The existence of secure and predictable market access is largely determined by the use of tariffs, or customs duties. While quotas are generally outlawed, tariffs are legal in the WTO and are commonly used by governments to protect domestic industries and to raise revenues. However, they are subject to disciplines, for instance, that they are not discriminatory among imports and are largely ‘bound’. Binding means that a tariff level for a particular product becomes a commitment by a WTO member and cannot be increased without compensation negotiations with its main trading partners. Thus it can be the case that the extension of a customs union can lead to higher tariffs in some areas for which compensation negotiations are necessary.

Tariff reductions under the Uruguay Round, for the most part phased over five years, will result in a 40% cut in developed countries tariffs on industrial products, from an average of 6.3% to 3.8%, and a jump from 20 to 44% in the value of imported industrial products that receive duty-free treatment in developed countries. At the higher end of the tariff structure, the proportion of imports into developed countries from all sources that encounter tariffs above 15% will decline from 7 to 5 % and from 9 to 5% for imports from developing countries.

The Uruguay Round increased the percentage of bound product lines from 78 to 99% for developed countries, 21to 73% for developing economies and from 73 to 98% for economies in transition results which are providing a substantially higher degree of market security for traders and investors.

The tariff of all non-tariff import restrictions for agricultural products provided a substantial increase in the level of market predictability for agricultural products. More than 30% of agricultural produce had been subject to quotas or import restrictions. Virtually all such measures have now been converted to tariffs which, ,while initially providing substantially the same level of protection as previous non-tariff measures, are being reduced during the six years of implementation of the Uruguay Round agricultural agreement. The market access commitments on agriculture will also eliminate previous import bans on certain products.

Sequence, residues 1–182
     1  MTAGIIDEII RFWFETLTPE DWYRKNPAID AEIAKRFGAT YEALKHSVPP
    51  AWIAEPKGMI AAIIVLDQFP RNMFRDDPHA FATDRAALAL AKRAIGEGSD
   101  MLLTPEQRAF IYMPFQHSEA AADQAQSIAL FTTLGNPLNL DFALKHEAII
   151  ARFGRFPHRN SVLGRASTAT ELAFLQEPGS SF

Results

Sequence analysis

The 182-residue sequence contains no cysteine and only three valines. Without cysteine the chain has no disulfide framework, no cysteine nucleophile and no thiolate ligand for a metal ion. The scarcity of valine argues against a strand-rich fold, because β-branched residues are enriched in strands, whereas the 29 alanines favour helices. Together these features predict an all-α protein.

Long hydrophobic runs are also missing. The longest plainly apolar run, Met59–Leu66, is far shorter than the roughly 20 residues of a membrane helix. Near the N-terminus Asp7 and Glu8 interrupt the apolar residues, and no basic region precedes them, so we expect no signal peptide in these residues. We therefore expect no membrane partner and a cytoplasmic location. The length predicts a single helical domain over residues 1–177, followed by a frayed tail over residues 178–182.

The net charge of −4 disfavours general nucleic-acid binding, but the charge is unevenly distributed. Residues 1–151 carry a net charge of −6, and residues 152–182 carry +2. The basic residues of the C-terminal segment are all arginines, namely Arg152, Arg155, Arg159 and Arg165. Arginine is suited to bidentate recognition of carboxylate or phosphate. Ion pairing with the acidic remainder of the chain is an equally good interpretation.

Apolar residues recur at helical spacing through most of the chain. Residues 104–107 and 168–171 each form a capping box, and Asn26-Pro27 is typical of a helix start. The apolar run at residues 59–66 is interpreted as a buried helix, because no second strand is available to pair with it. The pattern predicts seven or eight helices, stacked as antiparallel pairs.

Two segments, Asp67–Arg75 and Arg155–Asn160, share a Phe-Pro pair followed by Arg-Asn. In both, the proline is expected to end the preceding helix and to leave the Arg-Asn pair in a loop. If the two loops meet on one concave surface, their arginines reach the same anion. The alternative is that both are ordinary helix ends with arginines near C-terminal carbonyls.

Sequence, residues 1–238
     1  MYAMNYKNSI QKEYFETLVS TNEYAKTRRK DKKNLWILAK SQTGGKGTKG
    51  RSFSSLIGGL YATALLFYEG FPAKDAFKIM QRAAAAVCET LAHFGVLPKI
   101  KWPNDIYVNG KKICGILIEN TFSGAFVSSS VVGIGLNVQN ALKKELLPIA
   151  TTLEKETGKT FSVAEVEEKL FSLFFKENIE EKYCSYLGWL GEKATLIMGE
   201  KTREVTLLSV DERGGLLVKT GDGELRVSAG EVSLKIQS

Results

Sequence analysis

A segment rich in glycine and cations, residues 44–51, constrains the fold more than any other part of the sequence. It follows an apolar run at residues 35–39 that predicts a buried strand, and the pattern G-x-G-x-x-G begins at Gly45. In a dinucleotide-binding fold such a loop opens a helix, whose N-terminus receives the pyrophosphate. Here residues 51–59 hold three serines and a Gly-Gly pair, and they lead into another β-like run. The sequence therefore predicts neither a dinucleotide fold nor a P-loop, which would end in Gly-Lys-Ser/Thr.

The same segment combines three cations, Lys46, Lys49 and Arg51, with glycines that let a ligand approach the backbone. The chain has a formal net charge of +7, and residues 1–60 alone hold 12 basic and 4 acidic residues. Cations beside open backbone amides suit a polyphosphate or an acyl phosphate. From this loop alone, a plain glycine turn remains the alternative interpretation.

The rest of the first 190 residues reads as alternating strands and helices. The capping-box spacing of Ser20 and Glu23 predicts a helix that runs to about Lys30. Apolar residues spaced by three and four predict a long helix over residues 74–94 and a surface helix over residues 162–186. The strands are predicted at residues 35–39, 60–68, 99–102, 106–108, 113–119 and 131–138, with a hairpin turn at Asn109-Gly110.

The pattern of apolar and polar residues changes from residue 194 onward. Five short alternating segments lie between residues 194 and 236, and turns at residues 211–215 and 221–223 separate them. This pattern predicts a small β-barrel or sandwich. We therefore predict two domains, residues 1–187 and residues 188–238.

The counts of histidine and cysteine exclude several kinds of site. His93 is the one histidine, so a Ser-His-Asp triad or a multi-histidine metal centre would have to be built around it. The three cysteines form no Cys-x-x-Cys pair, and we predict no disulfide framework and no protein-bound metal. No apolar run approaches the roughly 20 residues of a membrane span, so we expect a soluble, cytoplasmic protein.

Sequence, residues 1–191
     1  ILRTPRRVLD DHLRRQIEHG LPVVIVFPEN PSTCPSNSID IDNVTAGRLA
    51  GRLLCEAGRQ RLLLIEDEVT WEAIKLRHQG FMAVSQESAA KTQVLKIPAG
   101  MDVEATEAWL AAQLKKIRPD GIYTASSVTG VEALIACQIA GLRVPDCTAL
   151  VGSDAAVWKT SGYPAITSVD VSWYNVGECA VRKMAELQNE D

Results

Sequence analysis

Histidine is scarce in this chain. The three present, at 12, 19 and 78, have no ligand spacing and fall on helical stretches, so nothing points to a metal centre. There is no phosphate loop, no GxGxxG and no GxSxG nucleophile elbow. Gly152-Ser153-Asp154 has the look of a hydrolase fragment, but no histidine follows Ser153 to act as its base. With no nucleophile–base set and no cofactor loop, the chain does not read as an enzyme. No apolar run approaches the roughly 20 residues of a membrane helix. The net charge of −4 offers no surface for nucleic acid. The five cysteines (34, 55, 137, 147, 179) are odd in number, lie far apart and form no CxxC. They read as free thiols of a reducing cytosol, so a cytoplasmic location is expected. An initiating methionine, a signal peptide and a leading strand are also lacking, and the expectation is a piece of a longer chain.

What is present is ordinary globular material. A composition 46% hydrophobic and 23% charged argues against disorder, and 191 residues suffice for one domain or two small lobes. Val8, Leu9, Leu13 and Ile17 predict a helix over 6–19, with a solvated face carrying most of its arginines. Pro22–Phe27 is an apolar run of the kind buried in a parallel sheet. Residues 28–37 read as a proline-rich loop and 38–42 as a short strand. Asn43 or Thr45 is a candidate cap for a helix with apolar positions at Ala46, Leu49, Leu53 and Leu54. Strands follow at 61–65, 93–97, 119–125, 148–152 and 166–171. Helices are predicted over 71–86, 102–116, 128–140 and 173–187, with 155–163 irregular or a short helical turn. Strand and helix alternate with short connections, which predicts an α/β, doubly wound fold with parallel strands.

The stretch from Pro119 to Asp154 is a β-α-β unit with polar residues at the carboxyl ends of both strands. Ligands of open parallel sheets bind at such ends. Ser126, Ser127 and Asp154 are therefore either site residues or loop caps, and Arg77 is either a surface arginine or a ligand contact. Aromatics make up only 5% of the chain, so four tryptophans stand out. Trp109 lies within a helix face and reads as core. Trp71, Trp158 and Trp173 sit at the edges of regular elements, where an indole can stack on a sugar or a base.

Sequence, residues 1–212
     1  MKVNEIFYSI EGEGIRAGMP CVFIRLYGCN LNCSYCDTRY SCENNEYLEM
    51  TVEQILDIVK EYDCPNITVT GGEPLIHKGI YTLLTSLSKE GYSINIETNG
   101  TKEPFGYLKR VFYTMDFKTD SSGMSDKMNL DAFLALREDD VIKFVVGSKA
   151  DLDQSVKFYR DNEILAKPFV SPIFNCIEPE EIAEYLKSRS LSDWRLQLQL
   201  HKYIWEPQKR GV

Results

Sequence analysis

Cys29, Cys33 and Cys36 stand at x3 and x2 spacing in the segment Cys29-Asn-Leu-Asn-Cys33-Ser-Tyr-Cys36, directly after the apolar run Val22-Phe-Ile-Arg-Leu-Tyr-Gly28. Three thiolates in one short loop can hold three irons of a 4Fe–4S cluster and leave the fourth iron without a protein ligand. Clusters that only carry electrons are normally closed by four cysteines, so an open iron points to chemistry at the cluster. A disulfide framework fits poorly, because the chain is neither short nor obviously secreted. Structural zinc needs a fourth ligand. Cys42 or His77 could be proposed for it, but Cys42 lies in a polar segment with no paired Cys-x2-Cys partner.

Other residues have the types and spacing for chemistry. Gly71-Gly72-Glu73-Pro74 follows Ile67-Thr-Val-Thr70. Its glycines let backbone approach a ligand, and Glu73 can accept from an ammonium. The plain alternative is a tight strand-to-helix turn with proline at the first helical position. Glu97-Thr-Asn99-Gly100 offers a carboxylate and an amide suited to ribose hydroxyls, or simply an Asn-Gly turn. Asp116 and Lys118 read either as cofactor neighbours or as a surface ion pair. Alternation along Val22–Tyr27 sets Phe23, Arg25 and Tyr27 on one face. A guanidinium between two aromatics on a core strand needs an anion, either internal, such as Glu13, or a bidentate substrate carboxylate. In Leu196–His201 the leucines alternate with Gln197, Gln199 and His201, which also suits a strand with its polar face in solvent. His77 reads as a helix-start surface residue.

While tariffs at the border do not exist for trade in services, there is no less a need for predictable conditions. To meet that need, government undertook an initial set of commitments covering national regulations affecting various service activities. These commitments are, like those for tariffs, contained in binding national schedules and will be extended through further rounds of services negotiations in the future.

Many other WTO agreements seek to ensure that conditions of investment and trade are more predictable by making it very difficult for member governments to change the rules of the game at whim. In almost every policy area which impinges on trading conditions, the scope of members to pursue capricious, discriminatory and protectionist policies is constrained by WTO commitments.

The key to predictable trading conditions is often the transparency of domestic laws, regulations and practices. Many WTO agreements contain transparency provisions which require disclosure at the national level. The regular surveillance of national trade policies through the Trade Policy Review Mechanism provides a further means of encouraging transparency both domestically and at the multilateral level.